Chlöe, I understand our nose is running but would you mind bending your head out over the keyboard while I'm doing the Power Point?—I’m a tad late with this story—NPR had it yesterday. But it is not getting nearly enough attention. And I have a story to tell.
Merill Lynch, the world’s largest stock brokerage, cut its sick day allowance for its employees from 40 days to three. If you take more than three, they can dock your pay. If you take more than six you get a warning; more than nine and they can your ass. This in a company whose three top executives are making a total of more than $100 million and earned record profits last year. The limit isn’t mandatory—managers have the ability to bend the rules, but those are the rules. Boss doesn’t like you, don’t get the flu.
Any rule this stupid can only come from one source: personnel (sorry, Human Resources).
The reason given, of course, is productivity and profit. They apparently aren’t making enough. That this is happening in the U.S. shouldn’t surprise anyone. We are the only country in the industrialized world that thinks two weeks vacations is humane. (At the risk of sounding like my Communist grandmother, the correct way of phrasing that is to say this is the only country in the world where the workers find that acceptable). In fairness to Merrill Lynch, they give three weeks.
Here is how the procedure can now work out: You are an employee and you get the flu. You are flat on your back for three days. If you say out the fourth, it could cost you a day’s pay unless your supervisor is a mensch. Stay out the rest of the week and you are pushing the limit and losing money. So, you get out of bed and go to work, where you cannot perform up to healthy standards and run a real risk of infecting others in the office who then take days off for work. In other words, the ruling has two obvious effects. It not only does not improve productivity, it makes Merrill Lynch’s offices more dangerous for staff and visitors. Good work.
God help you if you get cancer.
Now the story. I once had a friend who worked for an oil company in Philadelphia (I, of course won’t mention the name of the company. On the other hand, there is only one oil company in Philadelphia but far be it for me...). They had really brilliant executive who was at retirement age and who didn’t think disappearing to a golf course was how he wanted to spend the rest of his life so he asked for something to do at the company. They said they had a real good one for him. The company had grown significantly in recent years and was being bogged down by bureaucracy. Paper work. Red tape Massive inefficiencies. Find out how that happened. He did. He discovered that there was an obvious and clear link between the explosion of paperwork and the year when the Personnel Department changed its name to Human Resources. You are welcome to make of that what you will.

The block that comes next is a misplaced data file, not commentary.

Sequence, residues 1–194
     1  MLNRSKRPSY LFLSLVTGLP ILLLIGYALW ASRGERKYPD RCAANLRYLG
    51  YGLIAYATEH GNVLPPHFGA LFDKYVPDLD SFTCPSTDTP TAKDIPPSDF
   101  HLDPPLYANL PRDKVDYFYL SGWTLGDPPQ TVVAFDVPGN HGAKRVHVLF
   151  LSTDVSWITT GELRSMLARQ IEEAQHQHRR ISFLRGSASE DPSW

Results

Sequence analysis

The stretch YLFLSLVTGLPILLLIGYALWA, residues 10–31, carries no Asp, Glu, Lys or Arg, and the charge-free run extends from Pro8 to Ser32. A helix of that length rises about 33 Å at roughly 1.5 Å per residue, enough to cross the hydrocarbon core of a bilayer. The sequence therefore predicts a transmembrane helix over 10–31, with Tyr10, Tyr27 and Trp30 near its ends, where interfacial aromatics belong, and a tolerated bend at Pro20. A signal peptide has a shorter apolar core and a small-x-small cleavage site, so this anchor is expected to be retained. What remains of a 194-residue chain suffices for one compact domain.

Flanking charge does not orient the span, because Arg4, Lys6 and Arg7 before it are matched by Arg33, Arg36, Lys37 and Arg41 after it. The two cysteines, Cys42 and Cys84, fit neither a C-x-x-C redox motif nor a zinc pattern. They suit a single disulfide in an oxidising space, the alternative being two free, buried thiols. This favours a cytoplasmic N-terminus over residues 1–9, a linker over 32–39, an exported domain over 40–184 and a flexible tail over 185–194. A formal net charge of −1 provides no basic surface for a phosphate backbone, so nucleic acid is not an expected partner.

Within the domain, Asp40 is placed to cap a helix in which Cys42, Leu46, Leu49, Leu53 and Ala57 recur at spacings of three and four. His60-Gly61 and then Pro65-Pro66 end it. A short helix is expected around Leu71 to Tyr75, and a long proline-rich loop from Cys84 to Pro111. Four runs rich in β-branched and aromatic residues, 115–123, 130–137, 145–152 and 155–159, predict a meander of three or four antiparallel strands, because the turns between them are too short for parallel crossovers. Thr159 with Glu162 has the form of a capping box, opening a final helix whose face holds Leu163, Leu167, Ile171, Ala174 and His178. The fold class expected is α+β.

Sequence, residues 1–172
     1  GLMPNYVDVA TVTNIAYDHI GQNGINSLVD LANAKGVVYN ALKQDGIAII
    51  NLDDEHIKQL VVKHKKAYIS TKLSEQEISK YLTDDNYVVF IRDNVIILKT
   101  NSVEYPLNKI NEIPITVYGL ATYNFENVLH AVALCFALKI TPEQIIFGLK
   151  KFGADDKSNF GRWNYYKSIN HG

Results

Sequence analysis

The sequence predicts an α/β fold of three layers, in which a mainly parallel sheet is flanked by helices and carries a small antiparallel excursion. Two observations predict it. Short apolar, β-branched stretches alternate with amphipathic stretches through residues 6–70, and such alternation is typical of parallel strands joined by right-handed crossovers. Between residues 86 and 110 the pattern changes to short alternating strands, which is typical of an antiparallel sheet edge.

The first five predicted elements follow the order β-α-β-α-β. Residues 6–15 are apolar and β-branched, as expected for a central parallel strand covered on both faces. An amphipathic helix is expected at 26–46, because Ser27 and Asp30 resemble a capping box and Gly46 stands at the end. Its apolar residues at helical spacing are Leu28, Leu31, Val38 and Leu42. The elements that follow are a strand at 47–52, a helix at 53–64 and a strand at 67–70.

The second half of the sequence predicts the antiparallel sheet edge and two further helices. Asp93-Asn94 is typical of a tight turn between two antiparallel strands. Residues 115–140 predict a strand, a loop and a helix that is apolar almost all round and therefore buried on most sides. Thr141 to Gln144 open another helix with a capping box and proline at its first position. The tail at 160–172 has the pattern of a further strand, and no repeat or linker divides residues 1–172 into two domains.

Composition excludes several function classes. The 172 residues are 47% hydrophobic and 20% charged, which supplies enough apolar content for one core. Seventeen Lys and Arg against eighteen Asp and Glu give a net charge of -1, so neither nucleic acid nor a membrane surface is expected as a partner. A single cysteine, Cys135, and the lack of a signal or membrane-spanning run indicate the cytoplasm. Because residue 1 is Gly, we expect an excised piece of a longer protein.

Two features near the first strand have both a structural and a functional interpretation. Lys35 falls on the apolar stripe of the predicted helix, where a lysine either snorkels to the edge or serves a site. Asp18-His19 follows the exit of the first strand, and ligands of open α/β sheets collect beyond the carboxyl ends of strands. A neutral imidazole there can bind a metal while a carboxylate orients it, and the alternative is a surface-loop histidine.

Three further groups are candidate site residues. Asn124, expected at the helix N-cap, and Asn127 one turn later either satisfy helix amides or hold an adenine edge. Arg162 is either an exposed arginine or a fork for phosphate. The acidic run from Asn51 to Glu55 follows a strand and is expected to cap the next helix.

Here’s the Merrill Lynch memo. Notice it applies to office drones, not the guys making the millions. Workers of the world—you deserve it.
Attendance Guidelines (Effective May 14, 2007) A good attendance record and demonstrated reliability is one attribute of successful performance and is expected of all employees. These guidelines are in place to enable managers to address and foster improvement when an attendance problem has been demonstrated.
Each day an employee misses work is considered an absence. Employees are considered absent when they miss one-third or more of a workday.
It is the employee's responsibility to contact their manager within one hour of their scheduled start time to report any absence, and failure to do so may result in disciplinary action. Absence without notice for two consecutive days is grounds for termination of employment.
An absence is recorded as excused under this policy only if it is a) a pre-approved vacation or an approved personal day; b) an approved leave of absence under Merrill Lynch policy; or, c) an absence covered by any applicable federal or state law. (See Leave of Absence Policies.)
Outlined below are suggested guidelines for managers to address absences based upon the employee's work schedule. Management may accelerate the action steps described in these guidelines when patterns of attendance problems have been identified (including, but not limited to, repeated absences the day before and/or after a holiday or weekend; unacceptable level of absences over time with no demonstrated improvement; absences surrounding vacation).
Employee Status: Full Time
Absences in a 12-month Period /Action
Up to 3 days/Acceptable attendance: No action.
4 to 6 days/Questionable attendance: Manager/employee discussion or written communication from manager to employee stressing importance of good attendance; reviewing impact on performance; and describing future consequences including termination of employment. Non-payment may result.
7 to 8 days/Poor attendance: Written communication from manager to employee reviewing impact on performance and warning that failure to improve will result in immediate termination of employment. Non-payment should result.
9 to 10 days/Unacceptable attendance: Resulting in termination of employment.